• The navel orange is a variety that gets its name from the belly-button formation opposite the stem end. A 1917 USDA study reports that the navel orange may have developed from a mutation of a single orange in Brazil in the early 1800s. Another theory, though, is that it came from a similarly mutated Portuguese orange around the same time. The navel that forms is actually a second orange that begins to develop in the peel of the primary fruit. 
  • Blood oranges are a colorful variety with deep red or crimson flesh. They have been grown in the region of the southern Mediterranean since the 18th century, especially in Italy and Spain. The anthocyanins that cause the crimson color develop when the temperature is low at night. California has a Mediterranean-like climate, so that state grows the most blood oranges in the United States.
  • Valencia oranges are a hybrid developed by William Wolfskill, a man who was born in Kentucky and later became a Mexican citizen. Mexico still owned California when he received a land grant there. In addition to other crops, he grew Valencia oranges, named after the Spanish town known for its sweet oranges. These oranges have seeds and are grown primarily for their juice. 
  • Orange marmalade is a fruit preserve. Marmalades made with quince, lemon, and other fruit may have originated in ancient Rome. The first printed orange marmalade recipe was in a 1714 English cookbook. 
  • Brazil grows one-third of all the world's oranges. California and Florida are the largest producers of oranges in the United States.
  • Around 85 percent of all oranges produced are used for juice.
  • There are more than 400 varieties of oranges worldwide. Varieties are the result of mutations. 
  • The orange is Florida's official state fruit, orange juice its state beverage, and the orange blossom its state flower.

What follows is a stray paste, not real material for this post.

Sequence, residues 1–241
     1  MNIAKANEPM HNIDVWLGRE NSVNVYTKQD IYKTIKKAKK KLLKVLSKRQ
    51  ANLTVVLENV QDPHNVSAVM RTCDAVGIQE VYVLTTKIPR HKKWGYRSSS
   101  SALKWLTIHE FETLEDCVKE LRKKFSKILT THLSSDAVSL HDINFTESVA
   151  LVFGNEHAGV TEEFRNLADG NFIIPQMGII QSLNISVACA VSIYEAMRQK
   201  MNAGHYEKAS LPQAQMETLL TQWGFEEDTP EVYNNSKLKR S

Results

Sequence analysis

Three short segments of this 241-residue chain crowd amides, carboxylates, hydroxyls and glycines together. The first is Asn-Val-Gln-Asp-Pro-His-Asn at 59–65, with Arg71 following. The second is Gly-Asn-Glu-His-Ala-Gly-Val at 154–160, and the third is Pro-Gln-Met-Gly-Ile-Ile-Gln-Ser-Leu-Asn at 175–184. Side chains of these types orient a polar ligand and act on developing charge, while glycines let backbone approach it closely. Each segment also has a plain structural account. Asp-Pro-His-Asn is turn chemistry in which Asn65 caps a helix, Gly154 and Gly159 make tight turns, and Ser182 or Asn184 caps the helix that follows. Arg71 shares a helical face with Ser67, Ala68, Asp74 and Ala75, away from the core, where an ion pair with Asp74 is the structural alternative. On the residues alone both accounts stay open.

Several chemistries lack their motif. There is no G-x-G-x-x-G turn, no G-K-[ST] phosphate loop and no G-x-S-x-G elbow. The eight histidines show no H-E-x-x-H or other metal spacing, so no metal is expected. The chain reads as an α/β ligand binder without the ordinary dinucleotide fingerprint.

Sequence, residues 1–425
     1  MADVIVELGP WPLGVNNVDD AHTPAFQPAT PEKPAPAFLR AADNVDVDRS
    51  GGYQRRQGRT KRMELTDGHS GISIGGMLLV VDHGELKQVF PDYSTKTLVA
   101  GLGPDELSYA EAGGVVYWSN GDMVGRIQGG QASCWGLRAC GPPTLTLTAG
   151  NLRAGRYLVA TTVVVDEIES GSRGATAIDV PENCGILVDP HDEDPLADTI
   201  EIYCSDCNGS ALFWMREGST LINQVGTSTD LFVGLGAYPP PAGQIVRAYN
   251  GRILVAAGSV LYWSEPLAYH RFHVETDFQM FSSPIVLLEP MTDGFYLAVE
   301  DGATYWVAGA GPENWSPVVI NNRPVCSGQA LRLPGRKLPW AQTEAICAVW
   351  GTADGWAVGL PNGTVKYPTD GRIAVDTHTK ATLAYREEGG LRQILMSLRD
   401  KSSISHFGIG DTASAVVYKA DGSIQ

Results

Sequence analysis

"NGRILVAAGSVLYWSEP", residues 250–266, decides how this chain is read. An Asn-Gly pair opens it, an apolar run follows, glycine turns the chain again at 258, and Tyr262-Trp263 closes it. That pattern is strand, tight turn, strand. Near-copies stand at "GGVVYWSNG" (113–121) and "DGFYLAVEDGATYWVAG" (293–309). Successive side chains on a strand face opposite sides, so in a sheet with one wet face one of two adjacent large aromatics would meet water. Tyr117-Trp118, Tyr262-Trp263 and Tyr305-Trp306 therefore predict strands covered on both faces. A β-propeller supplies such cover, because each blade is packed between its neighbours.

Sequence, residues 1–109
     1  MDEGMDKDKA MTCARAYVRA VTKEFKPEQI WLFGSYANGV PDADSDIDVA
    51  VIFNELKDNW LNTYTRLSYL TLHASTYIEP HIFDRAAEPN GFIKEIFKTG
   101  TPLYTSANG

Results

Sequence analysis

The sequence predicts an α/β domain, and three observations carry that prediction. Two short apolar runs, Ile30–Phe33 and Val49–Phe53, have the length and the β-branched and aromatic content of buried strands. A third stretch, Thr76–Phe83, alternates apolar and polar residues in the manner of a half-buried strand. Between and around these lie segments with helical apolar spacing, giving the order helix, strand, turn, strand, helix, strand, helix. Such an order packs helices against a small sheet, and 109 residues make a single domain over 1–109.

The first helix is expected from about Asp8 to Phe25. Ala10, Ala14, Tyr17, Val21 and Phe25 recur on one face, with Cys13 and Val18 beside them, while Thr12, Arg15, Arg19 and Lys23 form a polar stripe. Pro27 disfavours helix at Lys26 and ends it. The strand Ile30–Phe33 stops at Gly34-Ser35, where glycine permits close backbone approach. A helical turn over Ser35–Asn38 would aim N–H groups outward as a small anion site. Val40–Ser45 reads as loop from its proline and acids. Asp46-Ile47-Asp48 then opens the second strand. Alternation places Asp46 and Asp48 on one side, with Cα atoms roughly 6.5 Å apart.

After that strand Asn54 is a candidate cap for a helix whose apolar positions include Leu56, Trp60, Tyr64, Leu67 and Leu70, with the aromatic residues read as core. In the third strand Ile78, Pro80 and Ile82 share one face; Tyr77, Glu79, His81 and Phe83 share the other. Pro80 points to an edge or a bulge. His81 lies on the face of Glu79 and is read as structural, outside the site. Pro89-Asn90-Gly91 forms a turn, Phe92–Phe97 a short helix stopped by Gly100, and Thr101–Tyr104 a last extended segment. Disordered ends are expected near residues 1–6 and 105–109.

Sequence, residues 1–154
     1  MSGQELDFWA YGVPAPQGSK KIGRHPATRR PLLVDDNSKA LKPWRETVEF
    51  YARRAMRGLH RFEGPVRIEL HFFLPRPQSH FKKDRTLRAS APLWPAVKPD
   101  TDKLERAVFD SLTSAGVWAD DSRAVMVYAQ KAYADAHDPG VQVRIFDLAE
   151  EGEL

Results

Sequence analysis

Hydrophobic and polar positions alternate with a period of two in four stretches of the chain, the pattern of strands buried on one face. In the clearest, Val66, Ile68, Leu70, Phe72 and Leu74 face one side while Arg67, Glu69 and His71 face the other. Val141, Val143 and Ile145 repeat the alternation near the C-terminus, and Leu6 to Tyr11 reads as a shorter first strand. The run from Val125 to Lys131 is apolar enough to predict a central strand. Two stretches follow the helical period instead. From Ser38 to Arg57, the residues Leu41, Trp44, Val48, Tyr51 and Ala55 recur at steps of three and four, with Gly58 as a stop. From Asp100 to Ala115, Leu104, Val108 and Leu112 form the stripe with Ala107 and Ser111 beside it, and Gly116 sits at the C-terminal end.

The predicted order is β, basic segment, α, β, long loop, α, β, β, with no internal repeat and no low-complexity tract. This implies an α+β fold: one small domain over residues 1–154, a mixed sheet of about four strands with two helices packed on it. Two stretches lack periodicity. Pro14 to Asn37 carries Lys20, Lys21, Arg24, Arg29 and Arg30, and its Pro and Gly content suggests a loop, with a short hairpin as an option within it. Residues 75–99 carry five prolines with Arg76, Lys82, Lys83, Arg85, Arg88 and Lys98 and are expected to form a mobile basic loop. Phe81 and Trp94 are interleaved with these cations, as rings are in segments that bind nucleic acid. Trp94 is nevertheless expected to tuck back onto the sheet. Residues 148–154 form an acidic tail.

• The word "orange" comes from late Middle English, from the Old French "orenge," from the Old Provençal "auranja," from the Arabic "nāranj," derived from the Persian "nārang," and based on "nāraṅga," the Sanskrit word for "orange tree," 

Anatomy

  • The orange tree is a citrus evergreen flowering plant. Its average height is 5 to 8 feet, but it can reach about 30 feet. They live 50 to 60 years.
  • Orange tree blossoms are white and have a wonderful fragrance. 
  • The fruit from citrus trees is called a hesperidium, a modified berry with a tough, leathery rind. Oranges have a bright orange outer rind covering the juicy, pulpy fruit. Lining the peel is the pith or white spongy tissue. Then there are the segments or carpels, typically ten of them, with many juice-filled vesicles or citrus kernels in each.
  • Oranges are seasonal citrus fruits. The flowers bloom in spring, and the fruit ripens in fall or winter. 
  • Can Oranges grow in Chicago or Colorado? No, because the ideal conditions for growing oranges are in subtropical areas with good amounts of sunshine yet moderate to warm temperatures (60 to 84 degrees Fahrenheit).
  • Oranges are round to oval in shape, can be from 2 to 5 inches in diameter, and weigh 2 to 10 ounces.

How to Pick, Buy, & Eat